China is constructing more coal-based power plants and licensing dozens of new mines, despite assurances from the world’s largest greenhouse gas emitter that it was critical about fighting climate change.
China’s 2021-2030 policy plans are under close inspection as the United Nations climate change convention gets underway in Madrid, particularly after a new UN report said the world wants to cut CO2 by 7.6% a year over the last decade to limit temperature rises.
But with the nation’s economic progress at its slowest in almost three decades, industry data in addition to speeches from leaders and trade delegates suggest a willingness to lean on coal for power, mainly in old mining areas.
Beijing vowed this year to show the “highest possible ambition” when reviewing its emissions pledges in 2020, though it didn’t commit to more stringent binding targets. But it surely has constructed 42.9 gigawatts of new coal-fired energy capacity since the start of 2018, with another 121 GW under development.
That compares with 35 GW of coal-fired power added in 2017 and 38 GW in 2016.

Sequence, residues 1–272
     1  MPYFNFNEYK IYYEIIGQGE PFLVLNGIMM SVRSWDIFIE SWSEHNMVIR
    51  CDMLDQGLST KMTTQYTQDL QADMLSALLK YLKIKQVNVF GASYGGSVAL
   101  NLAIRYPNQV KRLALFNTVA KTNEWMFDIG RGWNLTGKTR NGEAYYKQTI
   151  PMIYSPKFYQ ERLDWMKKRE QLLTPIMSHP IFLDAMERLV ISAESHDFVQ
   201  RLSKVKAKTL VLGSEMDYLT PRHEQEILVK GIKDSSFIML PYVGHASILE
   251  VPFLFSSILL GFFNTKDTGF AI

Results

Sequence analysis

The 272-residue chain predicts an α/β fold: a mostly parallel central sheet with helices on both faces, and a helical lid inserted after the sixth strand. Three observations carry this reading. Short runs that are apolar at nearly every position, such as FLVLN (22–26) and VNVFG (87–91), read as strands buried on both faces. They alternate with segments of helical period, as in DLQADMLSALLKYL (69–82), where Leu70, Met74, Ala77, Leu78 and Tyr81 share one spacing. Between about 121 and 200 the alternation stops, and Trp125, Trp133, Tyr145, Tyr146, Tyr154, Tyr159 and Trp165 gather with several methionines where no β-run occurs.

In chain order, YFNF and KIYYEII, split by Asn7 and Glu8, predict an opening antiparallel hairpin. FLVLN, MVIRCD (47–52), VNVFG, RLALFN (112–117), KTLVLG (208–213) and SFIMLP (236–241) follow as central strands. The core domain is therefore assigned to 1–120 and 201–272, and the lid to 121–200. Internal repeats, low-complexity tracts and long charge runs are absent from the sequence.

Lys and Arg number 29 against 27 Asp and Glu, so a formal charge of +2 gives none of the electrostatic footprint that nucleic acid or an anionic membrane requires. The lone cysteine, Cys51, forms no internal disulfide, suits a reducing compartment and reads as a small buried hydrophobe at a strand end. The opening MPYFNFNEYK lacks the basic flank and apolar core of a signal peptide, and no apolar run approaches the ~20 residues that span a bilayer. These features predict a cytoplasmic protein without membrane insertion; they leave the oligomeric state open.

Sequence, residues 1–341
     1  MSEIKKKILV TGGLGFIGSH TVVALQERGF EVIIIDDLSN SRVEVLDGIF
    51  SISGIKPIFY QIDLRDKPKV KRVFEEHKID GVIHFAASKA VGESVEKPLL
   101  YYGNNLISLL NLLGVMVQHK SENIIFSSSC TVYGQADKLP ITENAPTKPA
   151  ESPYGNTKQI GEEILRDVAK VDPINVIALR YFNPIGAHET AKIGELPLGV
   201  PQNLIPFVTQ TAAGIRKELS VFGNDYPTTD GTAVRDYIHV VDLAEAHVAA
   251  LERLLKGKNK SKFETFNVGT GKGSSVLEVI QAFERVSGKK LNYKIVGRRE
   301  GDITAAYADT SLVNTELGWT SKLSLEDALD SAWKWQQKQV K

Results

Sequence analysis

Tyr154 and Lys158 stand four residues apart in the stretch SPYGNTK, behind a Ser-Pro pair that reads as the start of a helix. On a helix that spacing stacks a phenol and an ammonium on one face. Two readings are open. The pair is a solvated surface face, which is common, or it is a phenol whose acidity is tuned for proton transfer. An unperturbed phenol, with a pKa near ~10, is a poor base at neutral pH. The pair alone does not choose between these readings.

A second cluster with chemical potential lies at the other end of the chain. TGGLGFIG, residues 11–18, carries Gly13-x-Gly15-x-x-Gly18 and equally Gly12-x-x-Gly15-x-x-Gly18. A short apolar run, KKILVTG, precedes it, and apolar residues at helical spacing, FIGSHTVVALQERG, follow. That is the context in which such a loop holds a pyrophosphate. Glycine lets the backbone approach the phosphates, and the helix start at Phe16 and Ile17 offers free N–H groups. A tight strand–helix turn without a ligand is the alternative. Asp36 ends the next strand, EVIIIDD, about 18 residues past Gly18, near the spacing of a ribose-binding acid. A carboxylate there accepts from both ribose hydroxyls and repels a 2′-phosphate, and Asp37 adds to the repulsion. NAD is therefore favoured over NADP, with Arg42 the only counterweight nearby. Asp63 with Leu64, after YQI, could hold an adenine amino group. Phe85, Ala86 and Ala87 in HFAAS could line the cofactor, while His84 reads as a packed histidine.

Although no net figures can be found, regulators further accepted 40 new mines with around 200 million tonnes of annual capacity in the first three quarters of 2019, in contrast with 25 million tonnes in all of last year.
Major state-owned utilities need to shed as much of a third of their older and less eco-friendly coal-fired capability to scale back debt, according to a government document confirmed by sources. However, even if they go ahead, the cuts might be balanced by newer capability added elsewhere.
In October, Premier Li Keqiang urged energy officers to promote clear mining and coal-fired energy. Ambitious proposals to cap CO2 and fossil fuel use are no longer anticipated to be included in the 2021-2025 five-year plan, researchers stated.